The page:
5 reasons you should go on an Anzac Day Gallipoli trip ASAP

Each year, thousands of Australians and New Zealanders make the pilgrimage to Gallipoli to pay their respects to the troops who fell in battle during World War I.

It's time to kick that travel goal and travel to Gallipoli to experience the once-in-a-lifetime Anzac Day dawn services.

Here are the top 5 reasons (counting down from 5) why you should do it now rather than later.

While the Australian government has advised that Australians should exercise a degree of caution when travelling to Turkey this year, if you still want to make the journey it advises that you limit your time in Ankara and Istanbul and avoid regions nearest to the Syrian border when you do.

5. It’s part of Australian history


Anzac Day marks the anniversary of the landing on the Gallipoli Peninsula. It’s the day when Australian and New Zealand troops first laid military action during World War I by setting out to capture the Gallipoli Peninsula.

They officially landed on Turkish soil on 25 April 1915, and it’s on this date that we celebrate their bravery.

Services around the world are held to commemorate the soldiers who fought bravely and died for their country on this day, but none can compare to the services in the home countries of Australia and New Zealand and on the site of the battle, Gallipoli. It’s for this reason that thousands of Australians flock to Gallipoli each year to share in their history and pay their respects at the very site where our heroes fought and fell.

Last-minute Anzac Day tours

It’s not too late to secure your spot on an Anzac Day tour. These tour companies still have spots available!

3-day Anzac Day Memorial Tour from $299

Book a 3-day Anzac Day Memorial Tour from $299 with G Adventures. Spaces limited.

4. You might have missed the 100-year anniversary, but we’re still in the Anzac Centenary


Now more than ever is a prime time to visit Gallipoli, as we’re currently celebrating the Anzac Centenary, marking 100 years since World War I.

The centenary began in 2014 (the year WWI began) and runs through to 2018, so if you haven’t saved your monies up for the trek yet, you still have a few years to do so for an experience of a lifetime.

Tours tend to sell out fairly quickly so it's a good idea to book your trip as far in advance as possible.

3. It’s more than just an Anzac Day dawn service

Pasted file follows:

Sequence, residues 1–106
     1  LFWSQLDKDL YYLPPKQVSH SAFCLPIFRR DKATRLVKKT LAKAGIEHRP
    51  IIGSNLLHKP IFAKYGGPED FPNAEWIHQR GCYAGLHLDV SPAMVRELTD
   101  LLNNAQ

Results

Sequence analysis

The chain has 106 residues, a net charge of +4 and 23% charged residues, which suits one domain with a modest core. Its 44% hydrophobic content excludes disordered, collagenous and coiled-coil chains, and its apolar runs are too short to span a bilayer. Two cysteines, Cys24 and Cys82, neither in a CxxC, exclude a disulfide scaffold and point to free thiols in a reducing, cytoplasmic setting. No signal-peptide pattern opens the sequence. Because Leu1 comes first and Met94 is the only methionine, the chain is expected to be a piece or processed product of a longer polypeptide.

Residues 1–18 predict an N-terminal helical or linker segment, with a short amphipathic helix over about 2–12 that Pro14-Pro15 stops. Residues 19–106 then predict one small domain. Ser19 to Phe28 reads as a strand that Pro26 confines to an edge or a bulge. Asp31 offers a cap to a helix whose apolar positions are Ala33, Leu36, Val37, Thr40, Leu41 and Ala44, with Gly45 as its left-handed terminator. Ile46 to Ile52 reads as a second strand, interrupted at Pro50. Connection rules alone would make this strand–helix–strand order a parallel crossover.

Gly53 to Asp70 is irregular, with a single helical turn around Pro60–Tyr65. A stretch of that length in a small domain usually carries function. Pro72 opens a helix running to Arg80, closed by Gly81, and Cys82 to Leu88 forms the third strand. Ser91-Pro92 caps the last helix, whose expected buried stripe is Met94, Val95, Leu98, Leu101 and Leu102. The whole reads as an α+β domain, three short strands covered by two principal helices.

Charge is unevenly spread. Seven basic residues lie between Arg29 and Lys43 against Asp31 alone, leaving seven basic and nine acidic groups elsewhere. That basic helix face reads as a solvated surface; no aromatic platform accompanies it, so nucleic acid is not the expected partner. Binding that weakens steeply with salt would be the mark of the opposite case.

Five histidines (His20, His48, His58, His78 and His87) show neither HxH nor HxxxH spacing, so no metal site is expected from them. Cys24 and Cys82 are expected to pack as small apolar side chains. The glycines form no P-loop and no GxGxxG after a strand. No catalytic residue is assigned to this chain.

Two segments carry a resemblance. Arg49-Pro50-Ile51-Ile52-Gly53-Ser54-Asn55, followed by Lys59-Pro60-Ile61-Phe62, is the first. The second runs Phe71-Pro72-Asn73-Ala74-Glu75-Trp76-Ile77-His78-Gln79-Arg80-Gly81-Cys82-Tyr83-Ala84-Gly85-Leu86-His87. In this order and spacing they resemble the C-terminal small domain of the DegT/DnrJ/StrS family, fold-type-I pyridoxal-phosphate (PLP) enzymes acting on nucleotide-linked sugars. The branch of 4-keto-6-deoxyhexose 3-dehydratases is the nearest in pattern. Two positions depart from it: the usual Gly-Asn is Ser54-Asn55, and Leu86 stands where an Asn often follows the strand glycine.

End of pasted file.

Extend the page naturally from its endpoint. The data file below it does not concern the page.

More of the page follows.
A fundamental part of the worldwide services held for Anzac Day is the dawn service, a time that is especially memorable, as it was the time of the original landing.

Held in Anzac Cove (Gallipoli), there are two services available to attend: an Australian/New Zealand service and a Turkey service to commemorate the fallen on both sides of battle. Services begin at 5:30am and conclude at 6:30am, however there’s so much more to the service than this waking hour. The site itself is open to visitors from 6pm on 24 April, and an overnight reflective program will commence at 8pm. This program includes documentaries and interviews detailing the Gallipoli campaign as well as musical performances and runs into the early morning.

Top dawn service land tours

Dawn Service ANZAC Tour from Canakkale
2016 ANZAC Dawn Service Tour from Istanbul
Small-Group Gallipoli Day Trip from Istanbul

2. You can still visit Lone Pine… but for how long?

It was announced early in 2016 that the Lone Pine service, which was held to commemorate the Battle of Lone Pine from 6-10 August 1915, will no longer be held as part of the Anzac Day celebrations. According to the federal government, this was due to safety concerns, as the terrain is rough and high, and the trek from Anzac Cove to Long Pine to make an 11am service was long and difficult.

Despite this, the site will be open from 24-25 April, and many tour companies will include a visit to it as part of their Anzac Day tours. Now more than ever is the time to visit before the government changes its rules and regulations again.

Anzac tours that include Lone Pine

Small-Group Gallipoli Day Trip from Istanbul
2 Day ANZAC Day 2016 Istanbul Trooper Tour
5 Days ANZAC Day 2016 The Digger Tour visiting Is...

1. There’s no more ballot registration


As of 2015, visitors no longer have to “win” tickets in a ballot to attend the Anzac Day service in Gallipoli, and all are freely able to attend on the day.

While you're free to just "rock up" at the site for the dawn service, it is highly advised that you register your interest in attending. This is so that suitable infrastructure, security, medical assistance and food vendors are available on site to accommodate the numbers.

Well, what are you waiting for? Time to book your trip of a lifetime and tick this baby off your bucket list!

Travel advise for Turkey and the Western Front 2016

The Australian Government has issued a warning to Australians travelling to Turkey, France or Belgium for the Anzac Day commemorations, advising that they are to exercise a high degree of caution due to the high threat of terrorist attack in each nation. Those planning to travel to Turkey or the Western Front can keep up to date with the travel advised issued by the Department of Foreign Affairs by signing up here.

Before you leave, Australians are also encouraged to organise comprehensive travel insurance and to register your travel and contact details with Smartraveller.

When you arrive, Australians are advised to remain vigilant about their personal security at all times.

Cheap flights to Turkey

Stephanie Yip

Stephanie is a journalist, avid traveller and all-round bargain hunter. If there's an online coupon code, deal or cheap flight available, she'll know about it. And she'll let you know about it, too.

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